My Lips are Zipped!

Growing Independence and Fluency Design

Maria Jackson

Rationale:  Children need to learn how to read silently to themselves because a very important part of reading fluency is the ability to read without saying the words out loud.  As teachers, we need to explain to our class that reading out loud so that everyone can hear is a good idea when you are reading to a group, but that most of the time in life we will need to read silently to ourselves.  In these times, it will only be important that we understand what we are reading, everyone else does not need to hear.  This lesson will teach children how to read “in loud” instead of out loud.  It will give them the ability to read in any situation, and it will hopefully increase their interest in reading as they pick their own books.


Classroom library or school library with a variety of books in clearly marked levels
Dry erase board and markers
“Stuck on a word?” bookmark for each child
“Stuck on a word” strategies written on board
Big book copy of Caps for Sale by Esphyr Slobodkina
Assessment checklist
Student journals and pencils or pens


1.  Begin the lesson by explaining to the children what reading quietly is, and why we do it.  “Have you ever been in a place where your parents wouldn’t let you play or talk and you had to just sit quietly?  Maybe you were in a doctor’s office or a waiting room somewhere.  Did you ever think about reading a book to yourself instead of just sitting there being bored?  Well, today we are going to learn how fun it is when you read a book silently to yourself! By practicing reading this way, you will all become better readers! When you read a book to yourself, silently, you are able to focus more on what you are reading, and you are not bothering anyone else!  It is a lot of fun! Let’s learn about silent reading!”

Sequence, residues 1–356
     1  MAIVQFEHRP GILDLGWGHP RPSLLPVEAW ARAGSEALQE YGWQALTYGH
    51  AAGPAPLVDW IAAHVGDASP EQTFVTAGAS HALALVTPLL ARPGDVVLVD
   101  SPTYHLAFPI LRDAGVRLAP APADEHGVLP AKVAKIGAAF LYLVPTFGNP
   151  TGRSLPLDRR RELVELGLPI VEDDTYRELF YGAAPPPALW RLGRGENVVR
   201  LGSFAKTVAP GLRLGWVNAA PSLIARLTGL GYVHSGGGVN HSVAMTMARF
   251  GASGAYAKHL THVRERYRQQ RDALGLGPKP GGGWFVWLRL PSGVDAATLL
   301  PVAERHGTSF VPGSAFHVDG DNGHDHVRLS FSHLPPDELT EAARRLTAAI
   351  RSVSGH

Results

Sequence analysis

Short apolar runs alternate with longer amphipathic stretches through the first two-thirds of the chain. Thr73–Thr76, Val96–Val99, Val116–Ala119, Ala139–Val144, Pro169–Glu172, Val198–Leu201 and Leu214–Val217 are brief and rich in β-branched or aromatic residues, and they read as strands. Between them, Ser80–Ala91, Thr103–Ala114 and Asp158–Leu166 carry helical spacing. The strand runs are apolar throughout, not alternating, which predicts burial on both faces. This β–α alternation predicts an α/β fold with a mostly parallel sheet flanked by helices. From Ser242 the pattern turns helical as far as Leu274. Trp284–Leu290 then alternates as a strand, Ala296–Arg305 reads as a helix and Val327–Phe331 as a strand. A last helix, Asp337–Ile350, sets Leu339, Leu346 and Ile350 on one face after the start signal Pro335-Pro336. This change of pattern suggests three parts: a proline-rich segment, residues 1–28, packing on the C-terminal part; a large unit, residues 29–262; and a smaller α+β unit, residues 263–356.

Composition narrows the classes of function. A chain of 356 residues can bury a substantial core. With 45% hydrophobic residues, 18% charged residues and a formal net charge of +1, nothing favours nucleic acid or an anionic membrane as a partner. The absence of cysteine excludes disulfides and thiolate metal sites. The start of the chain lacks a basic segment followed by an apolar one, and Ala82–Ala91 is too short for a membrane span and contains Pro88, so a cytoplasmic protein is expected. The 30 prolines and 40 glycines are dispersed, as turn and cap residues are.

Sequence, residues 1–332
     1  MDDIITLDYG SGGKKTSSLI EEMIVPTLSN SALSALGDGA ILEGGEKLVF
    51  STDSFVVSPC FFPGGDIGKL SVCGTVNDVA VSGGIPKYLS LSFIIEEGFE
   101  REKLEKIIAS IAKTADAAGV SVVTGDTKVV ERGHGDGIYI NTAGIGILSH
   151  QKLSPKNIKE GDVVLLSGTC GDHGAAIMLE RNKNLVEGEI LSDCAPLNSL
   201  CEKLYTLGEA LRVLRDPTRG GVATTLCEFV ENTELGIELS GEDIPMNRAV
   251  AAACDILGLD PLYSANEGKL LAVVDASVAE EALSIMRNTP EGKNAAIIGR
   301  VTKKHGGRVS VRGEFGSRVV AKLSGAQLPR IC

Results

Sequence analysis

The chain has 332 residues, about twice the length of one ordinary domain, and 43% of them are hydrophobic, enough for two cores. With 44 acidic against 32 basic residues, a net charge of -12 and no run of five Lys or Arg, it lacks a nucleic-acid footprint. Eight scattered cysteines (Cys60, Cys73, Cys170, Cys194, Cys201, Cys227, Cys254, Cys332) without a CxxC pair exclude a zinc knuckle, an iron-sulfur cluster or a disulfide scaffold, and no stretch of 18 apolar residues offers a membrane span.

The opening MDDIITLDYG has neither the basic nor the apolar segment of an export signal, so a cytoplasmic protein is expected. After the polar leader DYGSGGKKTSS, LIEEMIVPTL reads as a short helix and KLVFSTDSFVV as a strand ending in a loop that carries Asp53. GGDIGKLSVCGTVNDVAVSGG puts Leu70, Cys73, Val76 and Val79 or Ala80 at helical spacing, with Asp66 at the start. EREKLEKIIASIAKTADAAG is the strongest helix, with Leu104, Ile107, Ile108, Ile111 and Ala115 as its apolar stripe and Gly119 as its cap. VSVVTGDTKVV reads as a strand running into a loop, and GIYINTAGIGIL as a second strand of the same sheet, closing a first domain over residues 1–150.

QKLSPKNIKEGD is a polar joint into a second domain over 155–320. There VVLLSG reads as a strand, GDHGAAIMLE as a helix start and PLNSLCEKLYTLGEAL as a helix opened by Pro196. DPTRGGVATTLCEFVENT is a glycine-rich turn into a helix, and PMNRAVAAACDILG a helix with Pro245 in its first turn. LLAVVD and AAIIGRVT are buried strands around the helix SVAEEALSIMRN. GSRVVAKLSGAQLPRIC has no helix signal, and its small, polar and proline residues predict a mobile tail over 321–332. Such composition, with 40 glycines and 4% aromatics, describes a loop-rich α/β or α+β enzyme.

2.  Pass out the “Stuck on a word?” bookmarks to the class (webpage for bookmark is at the bottom of the page), so that they may use it if they have trouble.  Model how the strategy works. "Sometimes when I am reading a book, I stop after I read a sentence and think to myself, I don't think that made sense! I am going to show you an example.” Read the sentence you have written on the board. “My pink hot is on top of my head.” Ask the class if the sentence makes sense? Model on the board the strategy cover-up. "My pink (/a/, /h/ /a/, /h/ /a/ /t/) hat is on top of my head "Does this make more sense? I think so! Refer to the board with the "Stuck on a word?" strategies. Explain all of the ways you can use to figure out why a sentence is not making sense.